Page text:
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A century after the Football League was formed, English football reached its lowest ebb in the 1980s. Clubs had been banned from European competitions while supporters had to endure dilapidated and outdated facilities as public interest in the nation’s professional game continued to drain away.
The health and image of English football commenced an unimaginable transformation in 1992. The First Division clubs broke away from the Football League to create the FA Premier League. Taking advantage of unprecedented lucrative TV rights deals, the newly formed competition has since grown into a global phenomenon.
Without the money from European matches and as leading players sought a more lucrative career in Italy, the big five clubs – Arsenal, Everton, Liverpool, Manchester United and Tottenham Hotspur – became increasingly disgruntled with the way that the Football League distributed the revenue from TV deals amongst the 92 clubs.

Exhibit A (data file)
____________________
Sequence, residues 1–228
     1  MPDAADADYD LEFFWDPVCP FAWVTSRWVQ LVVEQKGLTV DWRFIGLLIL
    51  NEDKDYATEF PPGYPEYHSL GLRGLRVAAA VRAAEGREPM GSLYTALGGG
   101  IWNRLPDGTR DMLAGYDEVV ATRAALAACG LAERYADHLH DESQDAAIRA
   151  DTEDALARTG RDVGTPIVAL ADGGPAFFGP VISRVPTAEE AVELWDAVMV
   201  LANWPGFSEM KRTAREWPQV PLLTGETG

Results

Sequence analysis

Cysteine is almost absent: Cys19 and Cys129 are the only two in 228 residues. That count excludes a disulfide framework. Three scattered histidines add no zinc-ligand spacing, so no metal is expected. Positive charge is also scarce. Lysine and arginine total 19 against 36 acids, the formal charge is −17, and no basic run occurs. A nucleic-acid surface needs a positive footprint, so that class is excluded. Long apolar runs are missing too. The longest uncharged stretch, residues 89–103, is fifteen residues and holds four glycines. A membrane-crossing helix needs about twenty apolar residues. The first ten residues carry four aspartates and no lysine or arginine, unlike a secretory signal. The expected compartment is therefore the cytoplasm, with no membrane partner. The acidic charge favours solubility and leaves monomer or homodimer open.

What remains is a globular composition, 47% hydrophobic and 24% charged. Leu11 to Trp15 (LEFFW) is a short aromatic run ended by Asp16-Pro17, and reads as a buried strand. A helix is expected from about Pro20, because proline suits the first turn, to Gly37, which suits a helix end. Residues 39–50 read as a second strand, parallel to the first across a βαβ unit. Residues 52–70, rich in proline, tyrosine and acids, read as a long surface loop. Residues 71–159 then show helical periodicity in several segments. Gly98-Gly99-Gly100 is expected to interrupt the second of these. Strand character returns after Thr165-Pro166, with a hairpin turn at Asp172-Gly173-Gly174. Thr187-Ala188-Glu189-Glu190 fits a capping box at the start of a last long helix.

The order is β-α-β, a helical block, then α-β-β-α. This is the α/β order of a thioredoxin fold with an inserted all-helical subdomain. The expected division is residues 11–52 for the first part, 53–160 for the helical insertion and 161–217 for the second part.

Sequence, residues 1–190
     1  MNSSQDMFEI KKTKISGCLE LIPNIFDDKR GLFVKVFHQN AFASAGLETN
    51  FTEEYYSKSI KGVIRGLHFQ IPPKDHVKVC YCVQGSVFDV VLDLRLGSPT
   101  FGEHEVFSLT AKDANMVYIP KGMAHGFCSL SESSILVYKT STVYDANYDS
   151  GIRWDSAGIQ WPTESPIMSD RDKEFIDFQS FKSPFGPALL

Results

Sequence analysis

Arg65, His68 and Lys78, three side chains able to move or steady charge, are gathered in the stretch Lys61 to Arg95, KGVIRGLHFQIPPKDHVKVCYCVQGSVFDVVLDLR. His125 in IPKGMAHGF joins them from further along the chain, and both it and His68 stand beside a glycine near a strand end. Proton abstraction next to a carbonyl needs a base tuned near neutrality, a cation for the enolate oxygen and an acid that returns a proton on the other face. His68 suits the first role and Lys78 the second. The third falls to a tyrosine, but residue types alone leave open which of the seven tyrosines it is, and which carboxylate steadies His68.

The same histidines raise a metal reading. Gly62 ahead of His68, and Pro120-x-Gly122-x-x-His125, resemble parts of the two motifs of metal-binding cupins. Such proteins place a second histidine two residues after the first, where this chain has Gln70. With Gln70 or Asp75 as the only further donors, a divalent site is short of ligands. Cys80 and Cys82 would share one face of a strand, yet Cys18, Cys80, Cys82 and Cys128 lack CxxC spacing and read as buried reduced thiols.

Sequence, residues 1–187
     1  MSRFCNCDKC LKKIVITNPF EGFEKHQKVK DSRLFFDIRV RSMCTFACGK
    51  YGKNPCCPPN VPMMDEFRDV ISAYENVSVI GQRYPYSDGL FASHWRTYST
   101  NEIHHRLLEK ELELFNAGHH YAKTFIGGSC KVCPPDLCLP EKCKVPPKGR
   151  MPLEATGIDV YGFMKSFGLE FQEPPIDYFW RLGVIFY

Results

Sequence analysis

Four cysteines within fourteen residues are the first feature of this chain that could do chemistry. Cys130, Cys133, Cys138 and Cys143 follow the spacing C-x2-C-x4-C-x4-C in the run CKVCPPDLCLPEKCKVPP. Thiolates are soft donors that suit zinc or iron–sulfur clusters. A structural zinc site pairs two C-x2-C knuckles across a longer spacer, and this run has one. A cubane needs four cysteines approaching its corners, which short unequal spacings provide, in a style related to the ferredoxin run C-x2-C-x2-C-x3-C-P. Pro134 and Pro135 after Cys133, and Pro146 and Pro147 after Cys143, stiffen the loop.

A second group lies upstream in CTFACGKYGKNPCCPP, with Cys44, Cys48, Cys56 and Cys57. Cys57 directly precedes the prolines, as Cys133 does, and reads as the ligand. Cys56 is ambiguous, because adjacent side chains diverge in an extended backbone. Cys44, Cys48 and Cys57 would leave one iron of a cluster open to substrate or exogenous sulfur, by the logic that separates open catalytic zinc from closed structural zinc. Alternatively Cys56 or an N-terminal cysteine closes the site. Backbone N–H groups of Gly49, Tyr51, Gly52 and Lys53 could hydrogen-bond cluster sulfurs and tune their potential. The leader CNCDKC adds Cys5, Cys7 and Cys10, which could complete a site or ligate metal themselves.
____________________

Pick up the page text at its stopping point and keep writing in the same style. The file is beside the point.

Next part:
Based at opposite ends of the country and amid an uneasy truce between the FA and Football League, it often appeared that they were working against each other.
Aware of the clubs’ dissatisfaction with the FL, encouraged by London Weekend Television’s Greg Dyke, the FA produced a document called ‘The Blueprint for Football’. It suggested a breakaway that would retain the money it generated.
The First Division clubs approved and a founder agreement was signed. In the summer of 1991, the 22 clubs in the top division gave notice of their intention to resign.
The FA Council gave its approval on 20 February 1992 and the negotiations regarding TV contracts began in earnest.
The four-year contract struck by ITV with the Football League in 1988 cost £44million. The first Premier League contract with BSkyB was agreed at a staggering £304million over five years.
A previously British dominated game now attracts players from around the world with matches, played in state-of-the-art all-seater stadiums, viewed on television screens worldwide throughout the season.
Although the leading positions have become dominated by a select band of elite clubs, more than half of the country’s 92 senior clubs have now, at some stage, competed in the Premier League.